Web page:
As in will we ever get one? Is it possible in WP (not me, Word Press). Does anyone use a WP site and have such abilities? Can comments be edited there? We cannot here.

    That’s a bit of a problem. Maybe someone with Word Press experience at another forum/format can help us find out how that we could do such a crazy thing here at NF.O. Thanks!




    1
  13. On TV, I saw a documentary about the Nicoyans (Costa Rica, Blue Zone).
    They eat lots of plant foods, but, in comparison to other blue zones, they eat MORE animal products (chicken, pork and fried eggs).
    The Okinawans also eat predominantly plant-based, but include fish on a weekly basis.
    The Sardinians (Italy) and Ikarians (Greece) consume goat’s milk daily.

    If animal products would have such detrimental effect in such small amounts as shown above in your video,
    how do you explain the fact that these people (as I mentioned above) are not completely vegan/plant-based, but are the world’s longest-lived people?

    Don’t get me wrong, I’m not critisising your work (my family eats a whole food plant-based diet), but after learning about the blue zones, I wondered how this is possible, without eating diet completely free of animal products.

    Kind Regards,

    Frederique




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    1. B12 might be the answer. Those populations have been eating 95% plant-based for many generations. For most of this time, the only ways to get vitamin b12 were by drinking pond water, by small amounts of soil and feces contaminating their food, or by eating animals or milk. So, as their water and food got cleaner, eating small amounts of animals or milk became essential.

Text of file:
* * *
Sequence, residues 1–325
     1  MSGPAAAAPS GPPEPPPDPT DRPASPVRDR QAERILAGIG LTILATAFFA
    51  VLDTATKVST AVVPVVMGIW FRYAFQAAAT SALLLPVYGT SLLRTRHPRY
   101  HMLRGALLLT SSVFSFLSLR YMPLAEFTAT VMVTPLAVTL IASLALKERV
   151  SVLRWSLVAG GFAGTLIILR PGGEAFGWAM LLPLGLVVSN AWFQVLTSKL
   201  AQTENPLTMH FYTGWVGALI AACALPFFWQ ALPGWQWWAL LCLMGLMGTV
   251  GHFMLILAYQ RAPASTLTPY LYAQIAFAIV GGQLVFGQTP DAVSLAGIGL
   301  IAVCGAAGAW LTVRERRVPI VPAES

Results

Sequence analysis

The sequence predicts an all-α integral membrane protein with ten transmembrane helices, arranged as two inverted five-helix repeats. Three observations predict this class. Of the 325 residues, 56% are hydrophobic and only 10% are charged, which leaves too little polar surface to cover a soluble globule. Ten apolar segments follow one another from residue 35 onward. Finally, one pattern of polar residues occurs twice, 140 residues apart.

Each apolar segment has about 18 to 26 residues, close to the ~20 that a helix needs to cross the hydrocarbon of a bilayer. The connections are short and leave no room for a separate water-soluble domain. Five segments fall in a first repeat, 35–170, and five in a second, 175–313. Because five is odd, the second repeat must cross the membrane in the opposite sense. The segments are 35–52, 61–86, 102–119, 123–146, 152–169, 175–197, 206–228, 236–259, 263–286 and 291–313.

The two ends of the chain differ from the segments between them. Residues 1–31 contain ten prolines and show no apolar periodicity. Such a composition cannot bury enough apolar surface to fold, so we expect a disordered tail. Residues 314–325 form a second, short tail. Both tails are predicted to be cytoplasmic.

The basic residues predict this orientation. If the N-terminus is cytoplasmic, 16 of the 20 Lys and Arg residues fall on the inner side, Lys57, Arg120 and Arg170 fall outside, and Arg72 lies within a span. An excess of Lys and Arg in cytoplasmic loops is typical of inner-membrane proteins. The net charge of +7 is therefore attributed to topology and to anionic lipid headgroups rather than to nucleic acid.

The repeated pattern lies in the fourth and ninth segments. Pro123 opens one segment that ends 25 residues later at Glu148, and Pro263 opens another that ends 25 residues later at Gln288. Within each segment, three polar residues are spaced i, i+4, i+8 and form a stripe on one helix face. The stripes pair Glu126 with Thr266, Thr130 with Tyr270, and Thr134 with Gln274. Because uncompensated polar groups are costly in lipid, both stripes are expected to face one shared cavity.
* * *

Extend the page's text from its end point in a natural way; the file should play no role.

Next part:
So their longevity only proves that a 95% plant diet with b12 is healthier than a 100% plant diet with no b12.

      But nowadays we can take a b12 supplement, so a 100% plant diet with b12 is possible. So the unanswered question is: what’s healthier, 95% plants with b12, or 100% plants with b12.

      This has never been tested by any population.




      1
      1. Ciaran, I don’t think it needs to be tested. The answer is clear based on all the existing evidence. Meat and other animal products are detrimental to human health, B12 is essential. Eating 100% plant based and getting B12 would be the optimal diet.




        2